Scar Culture by Toni Davidson download in ePub, pdf, iPad
Scars from this method often have an inconsistent texture, although this relies heavily on the experience of the artist and aftercare of the wound. This is by abrading scabs and irritating the wound with chemical or natural irritants such as toothpaste or citrus juice. This is a more precise form of scarification, because it is possible to greatly regulate the depth and nature of the damage being done to the skin.
True, some may hate that, but this was a mark of pride, not shame. Most of the ink remains in the skin as the cut heals, and will have the same basic effect as a tattoo. Human branding is one type of scarification. It is similar in nature to livestock branding. If an enclosed area perimeter is cut or branded, the skin inside the closed space may die off and scar due to a lack of blood flow.
It is not uncommon, especially if the wound is being irritated, for a local infection to develop around the wound. The common practice on healing a scarification wound is use of irritation.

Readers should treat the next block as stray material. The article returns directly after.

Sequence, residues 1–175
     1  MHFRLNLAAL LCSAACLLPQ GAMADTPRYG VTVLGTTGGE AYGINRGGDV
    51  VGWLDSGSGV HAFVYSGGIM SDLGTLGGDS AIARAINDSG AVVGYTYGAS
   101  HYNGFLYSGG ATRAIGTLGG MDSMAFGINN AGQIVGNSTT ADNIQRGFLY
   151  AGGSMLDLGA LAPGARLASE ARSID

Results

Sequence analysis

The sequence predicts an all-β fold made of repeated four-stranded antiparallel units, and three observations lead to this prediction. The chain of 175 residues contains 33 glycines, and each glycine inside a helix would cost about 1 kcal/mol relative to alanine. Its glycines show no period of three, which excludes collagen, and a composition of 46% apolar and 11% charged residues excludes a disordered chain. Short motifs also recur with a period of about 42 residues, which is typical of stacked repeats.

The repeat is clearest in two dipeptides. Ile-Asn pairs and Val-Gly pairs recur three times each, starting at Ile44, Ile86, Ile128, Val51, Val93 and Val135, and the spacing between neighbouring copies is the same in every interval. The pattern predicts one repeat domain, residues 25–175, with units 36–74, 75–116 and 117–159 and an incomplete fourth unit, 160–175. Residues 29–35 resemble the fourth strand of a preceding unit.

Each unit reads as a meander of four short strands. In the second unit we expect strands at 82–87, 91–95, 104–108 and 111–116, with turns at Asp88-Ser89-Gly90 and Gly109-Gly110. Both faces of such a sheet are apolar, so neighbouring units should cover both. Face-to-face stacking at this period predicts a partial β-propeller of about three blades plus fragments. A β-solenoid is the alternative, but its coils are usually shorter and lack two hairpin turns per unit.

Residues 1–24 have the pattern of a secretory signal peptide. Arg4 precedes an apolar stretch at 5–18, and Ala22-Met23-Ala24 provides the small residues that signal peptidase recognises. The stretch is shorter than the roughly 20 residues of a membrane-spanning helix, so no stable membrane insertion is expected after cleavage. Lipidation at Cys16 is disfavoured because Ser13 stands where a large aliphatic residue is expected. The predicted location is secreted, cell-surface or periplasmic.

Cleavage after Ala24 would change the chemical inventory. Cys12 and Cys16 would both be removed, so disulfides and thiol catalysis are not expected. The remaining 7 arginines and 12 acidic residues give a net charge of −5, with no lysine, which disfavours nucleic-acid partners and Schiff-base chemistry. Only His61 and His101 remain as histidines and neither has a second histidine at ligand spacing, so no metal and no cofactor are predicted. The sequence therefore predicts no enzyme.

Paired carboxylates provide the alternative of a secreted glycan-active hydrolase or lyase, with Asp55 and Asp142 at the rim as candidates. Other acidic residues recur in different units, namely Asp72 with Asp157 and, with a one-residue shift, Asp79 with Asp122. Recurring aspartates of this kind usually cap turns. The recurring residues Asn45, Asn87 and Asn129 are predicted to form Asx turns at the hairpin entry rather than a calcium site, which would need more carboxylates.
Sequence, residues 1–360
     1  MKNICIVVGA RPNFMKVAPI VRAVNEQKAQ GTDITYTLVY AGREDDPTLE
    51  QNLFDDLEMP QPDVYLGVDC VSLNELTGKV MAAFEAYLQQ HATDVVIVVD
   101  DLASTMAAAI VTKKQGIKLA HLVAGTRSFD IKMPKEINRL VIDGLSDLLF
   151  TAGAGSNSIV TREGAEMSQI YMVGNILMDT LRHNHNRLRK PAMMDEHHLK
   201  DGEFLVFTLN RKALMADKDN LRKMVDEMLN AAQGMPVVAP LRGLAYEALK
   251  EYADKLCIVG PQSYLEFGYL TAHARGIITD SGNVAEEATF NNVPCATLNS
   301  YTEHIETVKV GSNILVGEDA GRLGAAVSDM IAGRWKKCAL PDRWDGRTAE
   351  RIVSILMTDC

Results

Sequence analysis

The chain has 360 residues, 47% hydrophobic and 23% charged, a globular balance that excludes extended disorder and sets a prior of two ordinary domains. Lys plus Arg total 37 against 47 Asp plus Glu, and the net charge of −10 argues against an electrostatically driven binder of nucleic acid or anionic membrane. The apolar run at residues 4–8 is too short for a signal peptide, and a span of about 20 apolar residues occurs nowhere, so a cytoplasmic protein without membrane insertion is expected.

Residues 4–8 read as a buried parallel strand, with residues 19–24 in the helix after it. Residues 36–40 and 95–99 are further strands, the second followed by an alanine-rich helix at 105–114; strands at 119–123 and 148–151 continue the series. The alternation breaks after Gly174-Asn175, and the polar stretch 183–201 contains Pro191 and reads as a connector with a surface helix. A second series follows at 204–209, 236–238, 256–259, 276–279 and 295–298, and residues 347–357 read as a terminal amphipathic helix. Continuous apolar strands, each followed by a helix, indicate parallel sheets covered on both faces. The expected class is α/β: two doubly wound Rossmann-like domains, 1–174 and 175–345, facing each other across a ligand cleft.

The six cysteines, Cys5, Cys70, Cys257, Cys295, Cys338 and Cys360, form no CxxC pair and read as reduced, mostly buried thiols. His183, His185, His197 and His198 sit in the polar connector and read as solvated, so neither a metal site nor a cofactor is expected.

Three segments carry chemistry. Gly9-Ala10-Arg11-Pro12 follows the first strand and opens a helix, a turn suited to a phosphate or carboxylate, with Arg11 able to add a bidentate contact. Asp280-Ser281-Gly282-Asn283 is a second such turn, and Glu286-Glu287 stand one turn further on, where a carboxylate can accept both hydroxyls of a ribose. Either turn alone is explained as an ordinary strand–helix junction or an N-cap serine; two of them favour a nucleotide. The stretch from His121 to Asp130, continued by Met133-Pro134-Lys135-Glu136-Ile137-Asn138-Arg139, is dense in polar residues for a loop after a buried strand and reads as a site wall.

Thus, in order to have pronounced scars, the wound may be kept open for a protracted time. Permanent body markings emphasize social, political, and religious roles. These cuts, when healed, form raised scars, known as keloids. Cicatrisation is a special form of scarification where a gash is made in the skin with a sharp instrument, and irritation of the skin caused by applying caustic plant juices forms permanent blisters. These symbols are usually alien to our cultures, traditions, thinking, and history.
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- Masque of Enchantment
- Rome Antics
- Energy Systems
- Disaster Culture
- Simplified Theory of Plastic Zones